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A clear and candid contribution to an essential conversation.


Straight talk to blacks and whites about the realities of racism.

In her feisty debut book, Oluo, essayist, blogger, and editor at large at the Establishment magazine, writes from the perspective of a black, queer, middle-class, college-educated woman living in a “white supremacist country.” The daughter of a white single mother, brought up in largely white Seattle, she sees race as “one of the most defining forces” in her life. Throughout the book, Oluo responds to questions that she has often been asked, and others that she wishes were asked, about racism “in our workplace, our government, our homes, and ourselves.” “Is it really about race?” she is asked by whites who insist that class is a greater source of oppression. “Is police brutality really about race?” “What is cultural appropriation?” and “What is the model minority myth?” Her sharp, no-nonsense answers include talking points for both blacks and whites. She explains, for example, “when somebody asks you to ‘check your privilege’ they are asking you to pause and consider how the advantages you’ve had in life are contributing to your opinions and actions, and how the lack of disadvantages in certain areas is keeping you from fully understanding the struggles others are facing.” She unpacks the complicated term “intersectionality”: the idea that social justice must consider “a myriad of identities—our gender, class, race, sexuality, and so much more—that inform our experiences in life.” She asks whites to realize that when people of color talk about systemic racism, “they are opening up all of that pain and fear and anger to you” and are asking that they be heard. After devoting most of the book to talking, Oluo finishes with a chapter on action and its urgency. Action includes pressing for reform in schools, unions, and local governments; boycotting businesses that exploit people of color; contributing money to social justice organizations; and, most of all, voting for candidates who make “diversity, inclusion and racial justice a priority.”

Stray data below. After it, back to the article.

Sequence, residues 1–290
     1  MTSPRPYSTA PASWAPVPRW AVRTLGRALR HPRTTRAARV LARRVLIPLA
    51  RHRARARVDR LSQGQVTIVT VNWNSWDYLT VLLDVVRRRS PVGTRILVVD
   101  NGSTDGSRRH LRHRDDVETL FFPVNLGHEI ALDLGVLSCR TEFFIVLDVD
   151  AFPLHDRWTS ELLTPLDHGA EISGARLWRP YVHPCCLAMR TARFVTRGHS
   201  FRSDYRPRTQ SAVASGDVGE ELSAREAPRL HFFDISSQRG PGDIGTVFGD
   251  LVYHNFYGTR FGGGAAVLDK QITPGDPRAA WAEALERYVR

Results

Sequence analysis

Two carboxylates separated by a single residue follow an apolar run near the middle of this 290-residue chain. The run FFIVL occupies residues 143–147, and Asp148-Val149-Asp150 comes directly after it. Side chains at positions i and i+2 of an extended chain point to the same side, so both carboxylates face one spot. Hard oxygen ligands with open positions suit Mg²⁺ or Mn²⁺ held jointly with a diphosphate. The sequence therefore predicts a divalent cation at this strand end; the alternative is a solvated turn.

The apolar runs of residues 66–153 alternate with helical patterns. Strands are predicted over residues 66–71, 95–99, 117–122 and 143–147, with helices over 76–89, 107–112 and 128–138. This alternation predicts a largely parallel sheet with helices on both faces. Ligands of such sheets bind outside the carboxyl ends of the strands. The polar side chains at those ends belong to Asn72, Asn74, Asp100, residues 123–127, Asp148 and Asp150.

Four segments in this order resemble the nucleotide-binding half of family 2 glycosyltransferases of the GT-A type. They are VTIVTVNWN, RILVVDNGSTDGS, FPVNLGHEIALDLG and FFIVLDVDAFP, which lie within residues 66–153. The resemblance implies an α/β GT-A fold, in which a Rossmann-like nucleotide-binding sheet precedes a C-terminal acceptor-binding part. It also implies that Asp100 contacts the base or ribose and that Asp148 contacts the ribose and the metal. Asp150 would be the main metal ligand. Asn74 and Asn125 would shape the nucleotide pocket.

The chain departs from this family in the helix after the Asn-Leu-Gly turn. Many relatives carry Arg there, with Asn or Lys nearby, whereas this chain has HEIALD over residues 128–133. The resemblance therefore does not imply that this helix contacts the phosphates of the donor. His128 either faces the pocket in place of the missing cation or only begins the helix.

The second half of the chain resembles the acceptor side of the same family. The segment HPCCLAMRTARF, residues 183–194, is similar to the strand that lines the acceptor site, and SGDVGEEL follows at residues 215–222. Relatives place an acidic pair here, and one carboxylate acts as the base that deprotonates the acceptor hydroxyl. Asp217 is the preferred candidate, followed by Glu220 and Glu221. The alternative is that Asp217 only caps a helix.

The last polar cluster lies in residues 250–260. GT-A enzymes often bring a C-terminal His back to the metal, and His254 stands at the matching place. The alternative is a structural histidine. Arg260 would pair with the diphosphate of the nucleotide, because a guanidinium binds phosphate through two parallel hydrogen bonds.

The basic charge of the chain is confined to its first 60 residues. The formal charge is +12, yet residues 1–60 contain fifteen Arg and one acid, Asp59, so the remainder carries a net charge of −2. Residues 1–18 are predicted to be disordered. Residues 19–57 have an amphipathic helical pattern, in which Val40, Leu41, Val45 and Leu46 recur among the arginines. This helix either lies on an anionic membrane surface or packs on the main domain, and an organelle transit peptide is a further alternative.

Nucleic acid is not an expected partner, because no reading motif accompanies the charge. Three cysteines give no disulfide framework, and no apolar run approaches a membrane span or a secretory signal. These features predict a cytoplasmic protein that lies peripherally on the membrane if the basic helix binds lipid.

A clear and candid contribution to an essential conversation.

Pub Date: Jan. 16, 2018

ISBN: 978-1-58005-677-9

Page Count: 256

Publisher: Seal Press

Review Posted Online: Oct. 9, 2017

Kirkus Reviews Issue: Nov. 1, 2017